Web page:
HGF:

hepatocyte growth factor

ICNARC:

Intensive Care National Audit and Research Centre

ICU:

intensive care unit

IL-1:

interleukin 1

IL-2:

interleukin 2

IL-18:

interleukin-18

IL-1Ra:

interleukin-1 receptor antagonist

IL-1α:

interleukin-1α

IL-2Ra:

interleukin-2 receptor antagonist

IL-8:

interleukin-8

IL-9:

interleukin-9

IP-10:

interferon-inducible protein-10

kDa:

kiloDaltons

MCP-3:

monocyte-specific chemokine 3

NMR:

nuclear magnetic resonance

NPV:

negative predictive value

OPLS-DA:

orthogonal partial least squares discriminant analysis

PC:

principal component

PCA:

principal component analysis

PLS:

partial least squares

PPV:

positive predictive value

SIRS:

systemic inflammatory response syndrome

SOFA:

sequential organ failure assessment

TNF-α:

tumor necrosis factor alpha

TNF-β:

tumor necrosis factor beta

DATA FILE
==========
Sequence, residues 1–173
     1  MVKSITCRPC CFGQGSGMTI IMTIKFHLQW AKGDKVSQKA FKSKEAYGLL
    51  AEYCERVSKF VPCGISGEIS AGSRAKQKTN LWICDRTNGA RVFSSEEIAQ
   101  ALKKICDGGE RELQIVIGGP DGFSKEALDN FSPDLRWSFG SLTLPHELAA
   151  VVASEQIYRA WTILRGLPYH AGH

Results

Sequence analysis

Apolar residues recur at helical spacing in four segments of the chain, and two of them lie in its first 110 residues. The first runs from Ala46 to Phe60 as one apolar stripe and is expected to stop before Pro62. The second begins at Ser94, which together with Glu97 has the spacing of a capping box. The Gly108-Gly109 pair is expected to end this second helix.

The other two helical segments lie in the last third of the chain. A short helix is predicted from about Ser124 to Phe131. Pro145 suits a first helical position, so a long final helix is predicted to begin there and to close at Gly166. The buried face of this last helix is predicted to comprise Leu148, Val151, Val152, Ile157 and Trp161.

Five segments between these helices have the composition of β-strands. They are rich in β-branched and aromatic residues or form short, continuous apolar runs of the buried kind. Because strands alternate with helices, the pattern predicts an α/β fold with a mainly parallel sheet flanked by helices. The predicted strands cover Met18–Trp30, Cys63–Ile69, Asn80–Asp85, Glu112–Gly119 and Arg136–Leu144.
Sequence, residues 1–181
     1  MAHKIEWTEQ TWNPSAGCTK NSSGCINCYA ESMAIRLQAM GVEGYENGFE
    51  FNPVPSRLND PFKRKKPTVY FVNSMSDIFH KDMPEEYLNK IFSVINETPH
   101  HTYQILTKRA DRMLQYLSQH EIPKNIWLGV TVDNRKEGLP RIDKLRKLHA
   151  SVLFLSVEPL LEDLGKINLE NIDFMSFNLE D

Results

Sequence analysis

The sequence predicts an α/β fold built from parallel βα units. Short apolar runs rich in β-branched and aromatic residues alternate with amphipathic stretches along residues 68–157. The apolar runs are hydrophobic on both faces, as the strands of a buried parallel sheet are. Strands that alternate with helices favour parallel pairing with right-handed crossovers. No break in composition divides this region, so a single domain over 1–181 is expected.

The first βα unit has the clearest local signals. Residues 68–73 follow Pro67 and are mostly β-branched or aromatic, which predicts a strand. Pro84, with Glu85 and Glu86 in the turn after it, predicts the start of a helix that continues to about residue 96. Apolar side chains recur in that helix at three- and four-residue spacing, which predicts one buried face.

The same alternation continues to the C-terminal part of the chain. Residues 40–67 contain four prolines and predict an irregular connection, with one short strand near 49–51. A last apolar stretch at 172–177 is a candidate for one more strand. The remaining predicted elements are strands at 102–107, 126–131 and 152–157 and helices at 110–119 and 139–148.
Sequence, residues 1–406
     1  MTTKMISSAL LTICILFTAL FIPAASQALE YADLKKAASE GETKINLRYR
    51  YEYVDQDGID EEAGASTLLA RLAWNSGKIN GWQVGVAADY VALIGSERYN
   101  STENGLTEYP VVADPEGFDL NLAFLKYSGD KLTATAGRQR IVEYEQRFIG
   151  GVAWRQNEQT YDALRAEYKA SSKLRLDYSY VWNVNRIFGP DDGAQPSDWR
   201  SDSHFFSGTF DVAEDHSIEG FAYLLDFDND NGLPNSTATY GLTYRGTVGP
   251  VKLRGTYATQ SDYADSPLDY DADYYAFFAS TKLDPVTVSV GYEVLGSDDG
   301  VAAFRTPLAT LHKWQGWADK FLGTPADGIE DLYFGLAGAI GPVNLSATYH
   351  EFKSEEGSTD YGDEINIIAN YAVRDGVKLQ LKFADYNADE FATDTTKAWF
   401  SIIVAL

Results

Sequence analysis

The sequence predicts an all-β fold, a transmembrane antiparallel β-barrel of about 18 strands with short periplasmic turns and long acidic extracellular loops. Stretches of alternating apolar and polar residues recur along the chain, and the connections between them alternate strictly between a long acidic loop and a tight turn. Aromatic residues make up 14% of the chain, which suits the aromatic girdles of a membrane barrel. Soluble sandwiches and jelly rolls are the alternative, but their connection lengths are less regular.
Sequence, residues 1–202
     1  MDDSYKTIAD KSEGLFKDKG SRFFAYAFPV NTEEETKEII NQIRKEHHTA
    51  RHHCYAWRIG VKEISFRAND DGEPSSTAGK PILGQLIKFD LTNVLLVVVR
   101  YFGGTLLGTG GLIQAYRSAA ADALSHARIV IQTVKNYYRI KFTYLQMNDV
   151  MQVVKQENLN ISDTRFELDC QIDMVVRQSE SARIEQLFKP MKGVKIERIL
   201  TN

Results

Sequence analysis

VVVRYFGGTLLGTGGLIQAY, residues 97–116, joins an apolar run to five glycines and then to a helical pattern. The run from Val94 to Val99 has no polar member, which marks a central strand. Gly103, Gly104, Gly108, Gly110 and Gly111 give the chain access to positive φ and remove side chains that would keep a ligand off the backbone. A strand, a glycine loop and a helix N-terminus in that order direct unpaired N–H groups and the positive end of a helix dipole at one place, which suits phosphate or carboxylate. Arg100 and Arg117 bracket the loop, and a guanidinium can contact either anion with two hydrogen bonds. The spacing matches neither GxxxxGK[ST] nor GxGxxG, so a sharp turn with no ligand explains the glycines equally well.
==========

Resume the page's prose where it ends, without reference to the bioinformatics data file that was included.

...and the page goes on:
β-NGF:

beta nerve growth factor

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Acknowledgements

We would like to thank Dr. Deane McIntyre and Dr. Rustem Shaykhutdinov for technical support and for spectrometer maintenance.

The study was supported by the Alberta Sepsis Network, which in turn is funded by Alberta Innovates Health Solutions (AIHS). HJV and PK hold Scientist awards from AIHS, while CNJ is funded by a fellowship from AIHS. CCEPTR receives funding from the Alberta Sepsis Network and from the Canada Foundation for Innovation. PK is also the holder of the Calvin, Phoebe and Joan Snyder Chair in Critical Care Medicine which contributed to this research.

The funding agencies had no influence on the design, analysis and manuscript preparation for this study.